Welcome to At The End Of the Day. I’m Hannah Sung and I write this newsletter for a people-first perspective on the news.
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After keeping tabs on so much devastation wrought by this pandemic, the highly-anticipated vaccine rollout hasn’t been the panacea/kegger/gum commercial we envisioned a year ago. 1
But if you’re looking for one thing that is working, it’s Vaccine Hunters Canada.
Vaccine Hunters Canada is the powerfully-effective volunteer group that started in Toronto to share information on vaccine availability in the Greater Toronto Area and beyond, especially vaccines doses that might otherwise expire and go to waste.
In Ontario, the vaccine roll-out has been haphazard, with ever-changing guidance on who is eligible and when, changes to recommendations regarding Astra Zeneca (still happy I got it), supply chain issues and above all, the mindboggle of not having a centralized booking system.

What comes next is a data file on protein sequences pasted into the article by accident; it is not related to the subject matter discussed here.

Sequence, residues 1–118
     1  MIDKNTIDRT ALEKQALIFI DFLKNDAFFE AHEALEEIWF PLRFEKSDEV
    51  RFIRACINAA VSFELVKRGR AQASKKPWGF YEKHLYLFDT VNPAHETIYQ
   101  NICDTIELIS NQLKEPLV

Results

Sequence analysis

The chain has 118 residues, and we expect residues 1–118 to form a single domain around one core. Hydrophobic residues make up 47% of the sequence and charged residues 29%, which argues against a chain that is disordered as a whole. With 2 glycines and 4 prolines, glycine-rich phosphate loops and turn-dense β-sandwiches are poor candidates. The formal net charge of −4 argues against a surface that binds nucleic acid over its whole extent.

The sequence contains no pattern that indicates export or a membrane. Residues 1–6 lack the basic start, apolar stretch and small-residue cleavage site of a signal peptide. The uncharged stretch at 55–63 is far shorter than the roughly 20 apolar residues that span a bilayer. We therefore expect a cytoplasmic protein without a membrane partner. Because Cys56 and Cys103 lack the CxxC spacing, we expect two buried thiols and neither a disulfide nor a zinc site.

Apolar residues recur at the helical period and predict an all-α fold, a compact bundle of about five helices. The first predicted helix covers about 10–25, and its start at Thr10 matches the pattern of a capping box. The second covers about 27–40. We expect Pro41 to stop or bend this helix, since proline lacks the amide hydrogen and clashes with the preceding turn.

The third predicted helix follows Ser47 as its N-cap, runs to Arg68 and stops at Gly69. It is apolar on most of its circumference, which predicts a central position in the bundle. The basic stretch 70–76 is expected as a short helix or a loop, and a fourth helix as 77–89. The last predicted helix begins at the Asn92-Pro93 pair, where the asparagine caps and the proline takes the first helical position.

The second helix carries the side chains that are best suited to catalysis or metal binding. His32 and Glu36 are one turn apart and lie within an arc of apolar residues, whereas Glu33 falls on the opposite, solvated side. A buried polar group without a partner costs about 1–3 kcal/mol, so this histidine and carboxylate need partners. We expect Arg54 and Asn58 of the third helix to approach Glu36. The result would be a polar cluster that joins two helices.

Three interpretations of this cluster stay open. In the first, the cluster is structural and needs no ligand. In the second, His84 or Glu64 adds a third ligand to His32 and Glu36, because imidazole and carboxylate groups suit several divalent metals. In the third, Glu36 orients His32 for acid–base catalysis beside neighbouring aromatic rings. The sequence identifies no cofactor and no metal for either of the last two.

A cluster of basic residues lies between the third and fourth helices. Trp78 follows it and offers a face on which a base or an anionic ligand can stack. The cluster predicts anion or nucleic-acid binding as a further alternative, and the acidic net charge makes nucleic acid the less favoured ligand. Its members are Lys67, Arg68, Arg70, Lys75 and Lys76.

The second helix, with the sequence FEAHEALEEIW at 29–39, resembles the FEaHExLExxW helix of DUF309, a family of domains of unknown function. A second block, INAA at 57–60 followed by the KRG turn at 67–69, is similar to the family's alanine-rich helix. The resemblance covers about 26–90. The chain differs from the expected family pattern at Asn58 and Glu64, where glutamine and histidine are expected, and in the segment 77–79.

Vaccine Hunters Canada was more than necessary and they continue to prove it as they update around the clock.
Since launching in March, their Twitter has grown to almost 260, 000 followers. They use Discord for people to gather and share information. And most triumphantly, Vaccine Hunters Canada estimates they’ve helped more than 100,000 people connect with shots so far.
Anyone can be a vaccine hunter
Vaccine Hunters Canada is about the energy many of us have been lucky enough to witness in the helpers and go-getters in our own lives.
“We’re trying to reach out to the vaccine hunter in your family or community group,” volunteer Allie Elwell told me. In other words, the first-borns, the organizers, the tech-savvy, the persistent. Those with time, energy and resources. We’re talking about anyone who has passed on word of mouth or information to help someone get vaccinated.